How the Cicada Fungus Causes Bugs to Try to Mate Like Crazy in Order to Spread

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How the Cicada Fungus Causes Bugs to Try to Mate Like Crazy in Order to Spread

As periodical cicadas emerge from the ground throughout the eastern United States, some may be infected with a strange parasitic fungus that hijacks the insects’ brains and manipulates them into trying to mate like mad.

Periodical cicadas are a group of seven species of cicadas that emerge from the ground every 13 to 17 years in North America. “Brood X” refers to the cicadas that will erupt from the ground in 2021.

These cicadas spend the majority of their lives underground as nymphs, but when the 13- or 17-year cycle is up, the insects crawl out of the soil and molt, transforming into adults. Cicadas mate and lay eggs during this stage of their lives.

Just a small percentage of the billions of cicadas that will emerge from the field will be contaminated with Massospora cicadina, a psychoactive fungus that contains the same active ingredient as magic mushrooms—psilocybin.

According to Matt Kasson, an associate professor of forest pathology and mycology at West Virginia University, “the fungus remains dormant in the soil until the cicada comes up.” “It detects the cicada’s own hormonal signal.”

Male periodical cicadas usually attract females by making loud buzzing noises. Females respond by flicking their wings in a specific pattern.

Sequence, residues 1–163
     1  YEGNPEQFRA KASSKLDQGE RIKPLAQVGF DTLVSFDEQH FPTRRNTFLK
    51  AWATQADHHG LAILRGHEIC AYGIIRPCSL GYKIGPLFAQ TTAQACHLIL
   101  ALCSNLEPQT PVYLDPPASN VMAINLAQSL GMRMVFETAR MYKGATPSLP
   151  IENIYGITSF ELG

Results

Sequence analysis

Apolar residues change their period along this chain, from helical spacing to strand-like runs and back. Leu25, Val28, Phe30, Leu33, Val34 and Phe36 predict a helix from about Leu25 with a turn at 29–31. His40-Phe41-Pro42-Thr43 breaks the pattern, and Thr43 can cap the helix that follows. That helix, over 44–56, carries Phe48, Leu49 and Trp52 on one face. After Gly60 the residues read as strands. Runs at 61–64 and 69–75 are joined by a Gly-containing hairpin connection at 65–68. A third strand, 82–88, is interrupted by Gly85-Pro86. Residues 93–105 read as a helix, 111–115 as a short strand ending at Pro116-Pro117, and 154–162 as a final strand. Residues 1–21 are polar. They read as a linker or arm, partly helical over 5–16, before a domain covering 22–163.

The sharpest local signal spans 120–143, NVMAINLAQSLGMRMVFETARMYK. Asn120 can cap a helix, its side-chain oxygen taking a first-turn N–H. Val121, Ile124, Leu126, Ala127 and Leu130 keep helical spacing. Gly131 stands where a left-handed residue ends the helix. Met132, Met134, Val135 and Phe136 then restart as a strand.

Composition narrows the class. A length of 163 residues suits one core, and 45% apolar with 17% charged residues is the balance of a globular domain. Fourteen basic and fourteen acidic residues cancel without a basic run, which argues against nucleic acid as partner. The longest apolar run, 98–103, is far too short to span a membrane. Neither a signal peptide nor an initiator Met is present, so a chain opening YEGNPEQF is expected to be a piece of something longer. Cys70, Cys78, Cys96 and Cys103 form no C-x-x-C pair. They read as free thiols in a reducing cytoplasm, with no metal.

Infected males, on the other hand, become hyperactive and have a major increase in sex desire, prompting them and try to mate with everything they can find, including other males.

In reality, the fungus coerces males into flapping their wings in the manner of females, which other males interpret as an invitation to mate.

According to a report reported in the journal PLOS Pathogens last year, this attracts unsuspecting males to approach infected cicadas, raising the likelihood that the infection would have to jump from one insect to another.

“Essentially, the cicadas are luring others into being infected because their healthy counterparts are involved in mating,” said Brian Lovett, a co-author of the report from West Virginia University, in a press release accompanying the study.

“The bioactive compounds may manipulate the insect to stay awake and continue to transmit the pathogen for longer,” he said.

The fungus has horrific consequences for infected cicadas, devouring the insects’ genitals and. This is a brief summary.

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